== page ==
To the untrained eye our little “No-Booze Barn Bash” — a now-annual event held at the Searle Ranch barn — on June 8 was a fun, relatively harmless way to spend an evening, made possibly less dramatic by the “dry” nature of the event (“What … no DUI?!?”). As the event promo states, “meat, moo-sic and merriment … and you’ll remember where you parked your car!”

I know that having 125 or so partygoers in the ‘hood (plus the crew) probably doesn’t sound like a big deal, but out here it’s not an everyday thing to see folks hiking barnward from vehicles parked waaay down Cherry Springs Ranch Drive — our own mini-Woodstock, except everybody kept their clothes on and no one gave birth on the premises, to my knowledge. Not sure what the main draw is: lots of elbow room, some excellent grass-fed beef (on the grill and on the hoof!), a little two-steppin’ ... or just the chance to hang out in a relaxing rural setting? The love starts flowing early and the valve stays open all night, if you dig.

Forgive me for waxing heavily gratitudinal regarding all this, but beneath the surface at this no-booze affair there’s a spirit at work (“spirit” — ironic, eh?), which is what gives this bad boy its unique raison d’etre. The guest list typically includes people from each of my several “spheres of influence” around the area — Tri-Lakes Chamber of Commerce members, dudes from Wednesday night OSWGBA pickup games (Old Slow White Guys Basketball Association, that is), Woodmoor C.C. tennis peeps, my Ashtonz bandmates and our beloved followers — aka AshHeads, folks from the world of Longhorn cattle raising, residents of our own little Cherry Springs Ranch neighborhood, and lastly — but definitely not “leastly” — friends of mine from the world of substance addiction and recovery, each at his/her own mile-marker on The Road of Happy Destiny.

It’s always hard to know how much to talk about this facet of my own daily existence — I was rescued from the Highway to Hardship in October 2002 — and we’re certainly not mentioning any names (the principle of anonymity is a crucial one for all involved). But to see a bunch of “my people” (people who but for the grace of God, like me, would be anywhere besides an alcohol-free barn party on a Saturday evening) having a terrific time, to see all these otherwise unconnected revelers enjoying each other’s company on an absolutely perfect Colorado evening, to have successfully and seamlessly merged these disparate groups in the name of socially safe, family-friendly recreation is deeply gratifying. As good as it gets, really. And everyone involved, wittingly or otherwise, was “part of the solution” on this evening: a bunch of people with no agenda other than to have a good time and not be left out when the Longhorn burgers were served.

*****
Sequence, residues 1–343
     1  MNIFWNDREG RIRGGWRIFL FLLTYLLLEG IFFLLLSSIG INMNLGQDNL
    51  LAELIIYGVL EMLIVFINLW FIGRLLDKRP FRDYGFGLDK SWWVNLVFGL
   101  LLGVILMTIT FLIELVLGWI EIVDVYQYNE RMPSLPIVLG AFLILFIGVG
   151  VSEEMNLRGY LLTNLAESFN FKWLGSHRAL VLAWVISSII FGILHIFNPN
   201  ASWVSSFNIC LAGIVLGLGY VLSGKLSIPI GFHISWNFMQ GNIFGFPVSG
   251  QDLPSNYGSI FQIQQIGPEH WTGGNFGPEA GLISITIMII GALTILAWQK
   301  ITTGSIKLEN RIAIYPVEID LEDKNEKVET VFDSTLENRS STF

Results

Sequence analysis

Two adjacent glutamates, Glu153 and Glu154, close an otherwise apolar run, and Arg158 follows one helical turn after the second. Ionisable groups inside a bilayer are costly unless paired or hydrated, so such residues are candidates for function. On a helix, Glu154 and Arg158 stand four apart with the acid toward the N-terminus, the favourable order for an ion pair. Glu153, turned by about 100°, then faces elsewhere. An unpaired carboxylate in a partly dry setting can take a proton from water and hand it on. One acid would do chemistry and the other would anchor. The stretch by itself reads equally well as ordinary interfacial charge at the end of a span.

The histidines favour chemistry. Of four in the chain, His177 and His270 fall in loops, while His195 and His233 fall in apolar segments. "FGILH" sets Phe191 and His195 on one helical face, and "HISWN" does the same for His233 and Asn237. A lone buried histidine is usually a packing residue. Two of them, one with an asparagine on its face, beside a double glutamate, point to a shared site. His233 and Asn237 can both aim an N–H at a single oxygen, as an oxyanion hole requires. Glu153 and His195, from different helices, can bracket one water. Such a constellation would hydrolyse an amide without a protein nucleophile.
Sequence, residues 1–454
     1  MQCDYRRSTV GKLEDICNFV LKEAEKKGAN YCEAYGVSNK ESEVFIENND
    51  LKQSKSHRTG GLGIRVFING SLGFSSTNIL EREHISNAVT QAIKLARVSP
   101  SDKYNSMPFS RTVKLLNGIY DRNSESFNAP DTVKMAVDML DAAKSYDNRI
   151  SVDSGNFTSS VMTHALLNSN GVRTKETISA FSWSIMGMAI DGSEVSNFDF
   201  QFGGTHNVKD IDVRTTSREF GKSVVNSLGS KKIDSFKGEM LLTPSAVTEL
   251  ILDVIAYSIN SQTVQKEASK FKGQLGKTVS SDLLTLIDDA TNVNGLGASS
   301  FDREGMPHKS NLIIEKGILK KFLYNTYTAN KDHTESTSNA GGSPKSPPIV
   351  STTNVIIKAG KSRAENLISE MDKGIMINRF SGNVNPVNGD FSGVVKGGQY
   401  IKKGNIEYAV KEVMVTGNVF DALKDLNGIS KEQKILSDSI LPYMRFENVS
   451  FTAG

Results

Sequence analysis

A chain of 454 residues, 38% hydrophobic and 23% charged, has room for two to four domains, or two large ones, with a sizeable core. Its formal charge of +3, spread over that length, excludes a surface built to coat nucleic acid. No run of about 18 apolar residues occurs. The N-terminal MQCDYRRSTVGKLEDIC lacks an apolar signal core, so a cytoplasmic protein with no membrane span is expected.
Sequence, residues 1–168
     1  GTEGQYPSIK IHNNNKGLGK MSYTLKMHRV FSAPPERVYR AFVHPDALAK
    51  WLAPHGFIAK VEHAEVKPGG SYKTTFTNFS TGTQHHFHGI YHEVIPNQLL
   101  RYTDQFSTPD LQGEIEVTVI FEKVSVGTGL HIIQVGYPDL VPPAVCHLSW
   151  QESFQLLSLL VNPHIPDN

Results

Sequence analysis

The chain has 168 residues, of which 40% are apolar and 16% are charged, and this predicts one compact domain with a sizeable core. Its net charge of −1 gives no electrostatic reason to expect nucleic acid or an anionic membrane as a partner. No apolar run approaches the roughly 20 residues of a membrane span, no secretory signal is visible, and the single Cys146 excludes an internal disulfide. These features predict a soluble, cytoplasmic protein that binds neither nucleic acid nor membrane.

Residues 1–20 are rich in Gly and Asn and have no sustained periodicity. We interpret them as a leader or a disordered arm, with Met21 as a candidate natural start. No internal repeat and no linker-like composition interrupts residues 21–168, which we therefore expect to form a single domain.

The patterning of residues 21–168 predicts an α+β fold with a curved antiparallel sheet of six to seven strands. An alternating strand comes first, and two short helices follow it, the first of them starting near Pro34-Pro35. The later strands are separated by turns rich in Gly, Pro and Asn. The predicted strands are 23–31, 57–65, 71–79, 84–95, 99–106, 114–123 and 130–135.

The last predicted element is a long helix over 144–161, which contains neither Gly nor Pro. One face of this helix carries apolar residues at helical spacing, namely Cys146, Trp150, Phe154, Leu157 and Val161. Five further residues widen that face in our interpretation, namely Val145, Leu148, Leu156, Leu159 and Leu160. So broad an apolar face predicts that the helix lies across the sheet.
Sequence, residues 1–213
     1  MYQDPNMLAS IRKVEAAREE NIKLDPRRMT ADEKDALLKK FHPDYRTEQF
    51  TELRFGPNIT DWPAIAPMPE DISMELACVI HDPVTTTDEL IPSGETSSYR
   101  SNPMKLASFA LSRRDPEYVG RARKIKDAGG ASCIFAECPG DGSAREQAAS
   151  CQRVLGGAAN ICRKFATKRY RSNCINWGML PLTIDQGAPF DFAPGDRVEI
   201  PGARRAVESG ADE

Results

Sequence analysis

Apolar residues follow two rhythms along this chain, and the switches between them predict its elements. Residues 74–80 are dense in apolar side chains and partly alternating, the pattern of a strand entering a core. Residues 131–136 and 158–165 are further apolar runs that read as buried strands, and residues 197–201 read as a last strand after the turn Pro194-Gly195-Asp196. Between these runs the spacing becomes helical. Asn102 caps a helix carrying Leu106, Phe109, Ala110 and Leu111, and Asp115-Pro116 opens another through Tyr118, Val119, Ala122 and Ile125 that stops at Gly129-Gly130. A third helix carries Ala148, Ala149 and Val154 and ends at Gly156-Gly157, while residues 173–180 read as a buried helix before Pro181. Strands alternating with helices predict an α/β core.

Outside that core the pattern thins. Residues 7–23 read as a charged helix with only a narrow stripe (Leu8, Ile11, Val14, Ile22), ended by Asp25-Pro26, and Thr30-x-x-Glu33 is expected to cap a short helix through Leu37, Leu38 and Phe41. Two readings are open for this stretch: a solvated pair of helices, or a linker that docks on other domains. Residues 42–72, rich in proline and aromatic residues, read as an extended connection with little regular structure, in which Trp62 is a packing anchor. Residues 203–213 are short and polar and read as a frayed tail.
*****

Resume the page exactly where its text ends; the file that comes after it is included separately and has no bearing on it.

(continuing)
Talk about your team effort! Putting on an event like this may not seem that complicated, but trust me: there are far more moving parts than anyone on the “outside” will ever know if it’s done right. And it was, thanks to people from each of the above-mentioned groups jumping in and making things happen. Special props to event coordinator Merrilee Ellis and her indispensable “girl Friday” Sandy Coyne (and Sandy’s son, Sean), pasture-tour drivers Dave Collins and Jake Shaw, patty-pounder/preparer Tasha Brugh of B Events and Catering, check-in chicks/merch-movers Libby Collins and Marie Belline, do-everything guy Dave Ahrens, Troy the parking patroller, Jim Reynolds the rabble-rouser and whomever I might have omitted here.

Huge thanks also to our friends Joe Bohler and Maggie Williamson, whose efforts made it possible for us to present a custom-framed print of Joe’s beautiful and sobering — see what I did there? — “A Lesson in Freedom” painting to the widow of a U.S. serviceman, in keeping with our Memorial Day theme (this party was originally scheduled for May 26, Memorial Day eve). Thanks to Nadine Caldwell and her late husband Art for his service and to all who helped make this little hoedown an event worth doing (and doing again). Bless all y’all, as they say in Texas.

For info on the July 27 barn party (featuring “moo-sic” from Ashtonz and Jon E. Boothe and the Nightwatch), go to CharliesBirthdayBash.eventbrite.com.

Charlie Searle has lived in Monument since 1994 and is active in a variety of pursuits in the Tri-Lakes area, as his tagline “Meat, Motors, Music, Media” attests. Contact Charlie at AlongTheDivide@pikespeaknewspapers.com.

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